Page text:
A TOOLKIT FOR COPING WITH KIDS AT HOME DURING THE COVID-19 PANDEMIC
MAKE A PLAN
For many, routines can help provide a sense of control and predictability.
Now is not the time to put pressure on yourself to be a perfect parent. You can't do it all. We have provided two templates below. Use the one that makes sense for you and your family.
Take 10-20 minutes and plan out the week’s activities on the weekly template with the use of the lists provided on this website. This investment in your time can make a huge difference and, ultimately, save you a lot of time, effort, and frustration! Save your weekly plans and recycle them for future weeks.
Print one of the following daily templates and stick it in a plastic sheet protector. Post the template in a place that is visible. Use a dry-erase marker to write out the activities for the following day every evening.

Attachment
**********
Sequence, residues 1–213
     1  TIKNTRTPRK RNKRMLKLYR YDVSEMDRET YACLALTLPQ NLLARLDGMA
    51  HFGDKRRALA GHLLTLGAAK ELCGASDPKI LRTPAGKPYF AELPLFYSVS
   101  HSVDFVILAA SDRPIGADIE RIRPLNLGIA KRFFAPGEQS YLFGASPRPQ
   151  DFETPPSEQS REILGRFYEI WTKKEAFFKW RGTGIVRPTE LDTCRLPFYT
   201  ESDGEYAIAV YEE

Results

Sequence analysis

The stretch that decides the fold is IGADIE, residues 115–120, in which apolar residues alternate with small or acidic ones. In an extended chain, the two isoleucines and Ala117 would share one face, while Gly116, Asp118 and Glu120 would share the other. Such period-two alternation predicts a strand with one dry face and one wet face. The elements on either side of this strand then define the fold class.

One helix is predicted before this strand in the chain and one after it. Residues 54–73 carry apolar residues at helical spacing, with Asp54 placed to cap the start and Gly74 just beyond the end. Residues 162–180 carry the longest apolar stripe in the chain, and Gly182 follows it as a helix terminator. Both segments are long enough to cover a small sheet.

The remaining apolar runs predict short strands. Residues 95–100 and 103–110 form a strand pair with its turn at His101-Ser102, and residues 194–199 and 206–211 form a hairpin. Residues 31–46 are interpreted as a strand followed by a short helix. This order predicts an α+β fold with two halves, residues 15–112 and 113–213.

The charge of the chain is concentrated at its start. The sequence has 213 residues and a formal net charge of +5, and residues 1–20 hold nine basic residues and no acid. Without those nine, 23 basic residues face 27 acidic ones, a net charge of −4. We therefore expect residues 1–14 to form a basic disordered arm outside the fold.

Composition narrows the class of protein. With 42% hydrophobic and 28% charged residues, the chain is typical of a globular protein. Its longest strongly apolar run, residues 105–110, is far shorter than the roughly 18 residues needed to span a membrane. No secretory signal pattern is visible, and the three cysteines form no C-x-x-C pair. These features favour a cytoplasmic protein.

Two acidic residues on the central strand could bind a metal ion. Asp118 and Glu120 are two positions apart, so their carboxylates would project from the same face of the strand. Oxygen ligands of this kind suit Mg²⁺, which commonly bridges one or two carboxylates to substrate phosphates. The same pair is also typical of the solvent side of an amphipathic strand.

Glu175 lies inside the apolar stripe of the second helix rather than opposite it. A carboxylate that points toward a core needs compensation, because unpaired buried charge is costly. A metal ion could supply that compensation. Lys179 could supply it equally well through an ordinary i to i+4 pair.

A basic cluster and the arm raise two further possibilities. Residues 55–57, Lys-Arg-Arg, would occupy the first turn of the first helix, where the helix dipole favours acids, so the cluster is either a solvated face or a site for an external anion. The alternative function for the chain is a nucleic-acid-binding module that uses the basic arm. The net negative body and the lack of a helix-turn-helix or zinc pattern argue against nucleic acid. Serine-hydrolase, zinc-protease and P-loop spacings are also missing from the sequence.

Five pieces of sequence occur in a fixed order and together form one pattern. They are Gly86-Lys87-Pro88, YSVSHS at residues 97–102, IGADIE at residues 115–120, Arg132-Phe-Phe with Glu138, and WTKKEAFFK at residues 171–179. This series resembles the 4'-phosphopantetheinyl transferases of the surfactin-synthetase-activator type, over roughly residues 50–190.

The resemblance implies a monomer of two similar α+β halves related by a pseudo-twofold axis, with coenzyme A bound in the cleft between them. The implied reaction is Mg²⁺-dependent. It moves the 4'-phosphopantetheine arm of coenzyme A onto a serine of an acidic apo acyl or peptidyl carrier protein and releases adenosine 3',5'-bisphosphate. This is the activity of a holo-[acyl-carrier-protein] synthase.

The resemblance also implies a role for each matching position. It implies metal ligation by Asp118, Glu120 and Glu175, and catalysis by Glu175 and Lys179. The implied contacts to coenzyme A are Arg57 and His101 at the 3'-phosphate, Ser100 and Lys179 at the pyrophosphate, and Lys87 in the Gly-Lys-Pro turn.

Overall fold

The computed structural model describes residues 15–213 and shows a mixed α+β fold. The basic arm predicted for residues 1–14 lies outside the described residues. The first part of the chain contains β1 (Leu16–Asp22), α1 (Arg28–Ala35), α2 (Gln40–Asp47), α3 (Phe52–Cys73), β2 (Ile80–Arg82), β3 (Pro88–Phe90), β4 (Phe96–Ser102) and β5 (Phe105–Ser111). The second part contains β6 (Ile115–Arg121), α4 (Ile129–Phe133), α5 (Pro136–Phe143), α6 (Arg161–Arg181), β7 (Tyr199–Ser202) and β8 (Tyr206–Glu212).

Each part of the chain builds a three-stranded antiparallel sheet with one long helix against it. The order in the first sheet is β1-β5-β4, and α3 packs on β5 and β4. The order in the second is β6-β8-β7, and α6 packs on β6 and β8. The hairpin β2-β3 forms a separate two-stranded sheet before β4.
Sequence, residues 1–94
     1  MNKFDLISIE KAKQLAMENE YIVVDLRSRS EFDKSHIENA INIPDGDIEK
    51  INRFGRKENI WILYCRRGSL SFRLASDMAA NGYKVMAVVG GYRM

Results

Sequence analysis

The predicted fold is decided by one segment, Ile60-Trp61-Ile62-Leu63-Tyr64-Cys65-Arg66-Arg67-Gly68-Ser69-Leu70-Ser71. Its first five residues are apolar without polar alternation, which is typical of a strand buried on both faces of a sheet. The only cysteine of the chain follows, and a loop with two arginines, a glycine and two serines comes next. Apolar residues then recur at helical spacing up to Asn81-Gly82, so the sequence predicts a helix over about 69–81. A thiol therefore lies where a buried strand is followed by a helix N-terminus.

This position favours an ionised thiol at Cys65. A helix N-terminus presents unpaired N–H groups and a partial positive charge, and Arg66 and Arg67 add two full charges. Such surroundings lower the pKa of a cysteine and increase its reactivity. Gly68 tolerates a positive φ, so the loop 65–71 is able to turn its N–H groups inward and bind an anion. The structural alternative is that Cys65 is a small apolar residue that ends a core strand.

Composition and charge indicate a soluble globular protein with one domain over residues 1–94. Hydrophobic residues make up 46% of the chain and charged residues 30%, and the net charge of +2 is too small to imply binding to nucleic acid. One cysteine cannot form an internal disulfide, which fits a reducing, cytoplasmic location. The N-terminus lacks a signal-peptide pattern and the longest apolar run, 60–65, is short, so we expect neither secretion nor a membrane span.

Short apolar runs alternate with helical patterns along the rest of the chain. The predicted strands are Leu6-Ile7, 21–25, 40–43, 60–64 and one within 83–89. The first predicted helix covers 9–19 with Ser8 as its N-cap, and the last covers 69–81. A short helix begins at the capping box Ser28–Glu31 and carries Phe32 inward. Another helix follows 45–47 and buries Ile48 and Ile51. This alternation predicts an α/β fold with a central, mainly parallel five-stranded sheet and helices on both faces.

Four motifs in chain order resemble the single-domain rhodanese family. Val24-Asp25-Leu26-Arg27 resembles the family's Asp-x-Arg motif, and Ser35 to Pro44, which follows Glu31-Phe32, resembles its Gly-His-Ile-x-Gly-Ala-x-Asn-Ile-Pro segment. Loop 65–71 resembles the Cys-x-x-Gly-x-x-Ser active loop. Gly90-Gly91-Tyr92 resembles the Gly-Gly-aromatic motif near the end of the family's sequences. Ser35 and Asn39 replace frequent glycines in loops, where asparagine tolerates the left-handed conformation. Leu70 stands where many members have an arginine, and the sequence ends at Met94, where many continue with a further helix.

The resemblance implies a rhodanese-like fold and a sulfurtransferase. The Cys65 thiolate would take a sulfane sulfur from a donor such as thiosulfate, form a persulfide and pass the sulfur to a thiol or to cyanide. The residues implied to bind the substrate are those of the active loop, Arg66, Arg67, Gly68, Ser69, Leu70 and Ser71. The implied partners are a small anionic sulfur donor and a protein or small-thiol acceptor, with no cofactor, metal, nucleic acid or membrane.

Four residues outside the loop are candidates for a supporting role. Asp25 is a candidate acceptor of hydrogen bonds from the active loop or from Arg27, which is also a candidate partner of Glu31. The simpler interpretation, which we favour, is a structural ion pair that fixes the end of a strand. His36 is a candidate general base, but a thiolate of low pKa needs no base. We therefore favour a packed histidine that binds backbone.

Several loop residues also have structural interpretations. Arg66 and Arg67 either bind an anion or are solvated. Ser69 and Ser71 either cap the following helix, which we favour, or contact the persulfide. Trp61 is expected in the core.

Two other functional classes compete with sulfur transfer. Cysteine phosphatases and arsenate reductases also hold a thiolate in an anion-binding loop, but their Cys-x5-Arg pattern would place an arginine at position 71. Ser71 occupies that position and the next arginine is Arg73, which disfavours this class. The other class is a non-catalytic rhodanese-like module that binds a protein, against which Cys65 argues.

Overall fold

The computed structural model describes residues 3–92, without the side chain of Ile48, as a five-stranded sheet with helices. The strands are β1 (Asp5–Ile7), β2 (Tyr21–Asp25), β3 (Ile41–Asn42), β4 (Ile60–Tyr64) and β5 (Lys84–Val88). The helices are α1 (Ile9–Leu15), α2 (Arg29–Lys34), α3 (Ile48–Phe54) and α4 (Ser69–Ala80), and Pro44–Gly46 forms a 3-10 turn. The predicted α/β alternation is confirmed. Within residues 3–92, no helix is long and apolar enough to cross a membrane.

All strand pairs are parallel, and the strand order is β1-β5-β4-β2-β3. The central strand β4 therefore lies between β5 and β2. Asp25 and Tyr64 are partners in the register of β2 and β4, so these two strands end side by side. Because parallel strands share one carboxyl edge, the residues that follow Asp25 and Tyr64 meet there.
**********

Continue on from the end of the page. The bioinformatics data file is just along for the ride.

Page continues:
Simple Day Template
Detailed Day Template (Customizable)
Go easy on yourself. These tips and templates are meant to help, not to fuel more guilt!
Have your kids brainstorm a 'theme of the day' and/or 'theme of the week'. It's fun for them and provides an anchor around which to plan the day.
Ex. Week: Around the World, each day is a different country or place
Build daily rituals and traditions. Ask your kids what rituals they have at school, eg singing O Canada, having a special helper for the day, etc.
Automate activities as much as possible. This helps provide structure but also reduces how much you need to plan.
Ex. Mondays and Thursdays: themed bathtime, Wednesdays: virtual playdate with Jacob , Fridays: movie date with popcorn
It can be helpful to schedule your day such that you get outside and/or do the most active activity first. If you are planning for learning time that will require kids to sit still and focus, we suggest that this be done in the morning after kids have had some time to do something active. If you can, schedule the ‘fun’ activities and rewards like screen time towards the end of the day.
Build in free time and downtime especially if you or your child is an introvert (i.e. energized by alone time).
Relaxing on screen time is ok. Try to implement limits by scheduling both tech and tech-free time. Find ways of using screen time as a way of staying connected to others (virtual playdates, chats with family members and family friends).